Helping Children After Tragic Events: Information For Parents & Caregivers

Help kids by turning off the TV and listening.

It’s important for adults to understand the serious impact that tragic events can have on kids, and how to help them.

To comfort kids, parents and caregivers can spend more time with children, talking and listening to them.

It is a good idea to:

  • Turn off the TV or watch less.
  • Talk to children. Let them to ask questions and talk about what they feel.
    • For preschool-age children: explain that they are safe and far away from the event. Tell them that they can always come to you when feeling scared.
    • For school-age children: remind them that the disaster wasn’t their fault. Help them share their worries. Give them realistic information. Answer their questions calmly and tell them that they are safe.
    • For teens: let them know that feeling scared is common. Share your own feelings with them. Remind them that everyone needs family and friends for support.
  • Comfort children. Show concern. Play games together, read, color, or take a walk.
  • Stick with your regular routine. Routines can help children feel safe.
  • Learn children’s signs of stress.
    • Children of all ages can develop signs of stress.
    • They may cry a lot more, have headaches, and not sleep well.
    • They may act out or become withdrawn.
  • Know when and where to get help if your child is stressed. Read below for information and resources.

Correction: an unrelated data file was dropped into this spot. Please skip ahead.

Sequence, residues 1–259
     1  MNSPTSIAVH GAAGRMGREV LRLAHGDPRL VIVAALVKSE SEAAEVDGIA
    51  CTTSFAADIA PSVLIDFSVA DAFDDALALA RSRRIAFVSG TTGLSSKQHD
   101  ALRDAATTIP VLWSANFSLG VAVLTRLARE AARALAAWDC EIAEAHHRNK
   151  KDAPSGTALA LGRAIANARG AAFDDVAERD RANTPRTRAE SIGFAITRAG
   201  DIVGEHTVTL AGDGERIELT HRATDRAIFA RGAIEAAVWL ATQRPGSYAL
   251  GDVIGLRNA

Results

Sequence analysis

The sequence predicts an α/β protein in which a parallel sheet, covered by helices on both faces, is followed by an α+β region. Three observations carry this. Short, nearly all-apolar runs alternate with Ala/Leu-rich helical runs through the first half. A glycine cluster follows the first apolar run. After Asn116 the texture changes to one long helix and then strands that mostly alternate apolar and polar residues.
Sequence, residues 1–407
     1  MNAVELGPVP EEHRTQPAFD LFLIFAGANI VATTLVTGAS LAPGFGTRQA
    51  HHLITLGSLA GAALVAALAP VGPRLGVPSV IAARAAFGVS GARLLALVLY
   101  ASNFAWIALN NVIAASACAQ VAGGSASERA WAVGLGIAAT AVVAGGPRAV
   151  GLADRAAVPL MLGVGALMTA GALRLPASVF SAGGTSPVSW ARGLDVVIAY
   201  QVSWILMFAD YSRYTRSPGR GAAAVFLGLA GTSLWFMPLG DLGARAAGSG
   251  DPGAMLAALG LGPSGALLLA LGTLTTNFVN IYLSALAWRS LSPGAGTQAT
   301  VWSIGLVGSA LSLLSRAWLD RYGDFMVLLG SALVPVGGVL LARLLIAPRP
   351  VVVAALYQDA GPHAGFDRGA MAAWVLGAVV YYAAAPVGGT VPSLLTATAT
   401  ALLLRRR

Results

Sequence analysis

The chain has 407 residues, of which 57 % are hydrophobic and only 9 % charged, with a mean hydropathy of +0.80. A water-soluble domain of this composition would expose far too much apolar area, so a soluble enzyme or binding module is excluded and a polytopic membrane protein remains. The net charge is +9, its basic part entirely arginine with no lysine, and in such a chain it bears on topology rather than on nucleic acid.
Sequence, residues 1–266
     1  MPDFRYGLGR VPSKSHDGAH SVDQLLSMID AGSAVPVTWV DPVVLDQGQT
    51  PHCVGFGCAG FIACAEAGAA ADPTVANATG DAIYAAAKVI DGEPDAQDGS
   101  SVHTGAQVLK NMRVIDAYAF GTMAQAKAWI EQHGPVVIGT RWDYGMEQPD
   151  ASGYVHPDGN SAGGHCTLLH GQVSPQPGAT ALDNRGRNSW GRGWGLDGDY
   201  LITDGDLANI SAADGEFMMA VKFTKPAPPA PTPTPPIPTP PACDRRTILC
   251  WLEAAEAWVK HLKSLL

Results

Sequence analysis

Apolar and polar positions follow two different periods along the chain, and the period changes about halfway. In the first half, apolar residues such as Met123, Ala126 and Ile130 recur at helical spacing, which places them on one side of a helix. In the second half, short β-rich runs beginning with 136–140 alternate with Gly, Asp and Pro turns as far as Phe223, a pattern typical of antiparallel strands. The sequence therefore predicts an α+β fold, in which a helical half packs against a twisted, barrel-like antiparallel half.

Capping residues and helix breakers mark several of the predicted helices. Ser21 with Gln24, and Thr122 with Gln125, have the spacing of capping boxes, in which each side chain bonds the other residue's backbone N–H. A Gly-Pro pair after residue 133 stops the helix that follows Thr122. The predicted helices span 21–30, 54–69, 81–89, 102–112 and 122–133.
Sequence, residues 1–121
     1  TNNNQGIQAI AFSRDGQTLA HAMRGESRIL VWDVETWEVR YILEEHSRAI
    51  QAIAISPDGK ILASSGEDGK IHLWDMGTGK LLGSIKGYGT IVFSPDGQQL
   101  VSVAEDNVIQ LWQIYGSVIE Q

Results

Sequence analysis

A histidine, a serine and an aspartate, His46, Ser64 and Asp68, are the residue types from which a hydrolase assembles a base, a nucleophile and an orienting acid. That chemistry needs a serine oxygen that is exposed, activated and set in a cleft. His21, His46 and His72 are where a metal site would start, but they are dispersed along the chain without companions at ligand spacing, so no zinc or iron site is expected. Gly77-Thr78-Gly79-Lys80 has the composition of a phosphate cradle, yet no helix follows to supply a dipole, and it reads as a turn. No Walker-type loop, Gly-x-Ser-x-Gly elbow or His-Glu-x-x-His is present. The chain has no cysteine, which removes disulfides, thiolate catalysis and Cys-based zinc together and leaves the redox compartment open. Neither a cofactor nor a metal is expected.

Your reaction to a tragic event affects your ability to help your child. Adults should also get help when they are feeling overwhelmed.

Find resources and programs that can help you by visiting these links:

You can also call the Substance Abuse and Mental Health Services Administration’s Disaster Distress Helpline, which provides 24/7, 365-day-a-year crisis counseling and support to people experiencing emotional distress related to natural or human-caused disasters.

Callers and texters are connected to trained and caring professionals from a network of crisis centers across the country. Helpline staff provide supportive counseling, including information on common stress reactions and healthy coping, as well as referrals to local disaster-related resources for follow-up care and support.

Call 1-800-985-5990 or text TalkWithUs or Hablanos to 66746 to connect with a trained crisis counselor.

The Disaster Distress Helpline’s number 1-800-846-8517 is available to all hard of hearing and deaf people.


Children of color are particularly vulnerable and need support and attention when they’re a witness to violence and trauma—especially when it's happening to people who look like them. Read more about how to Help Children of Color Heal from Collective Trauma.

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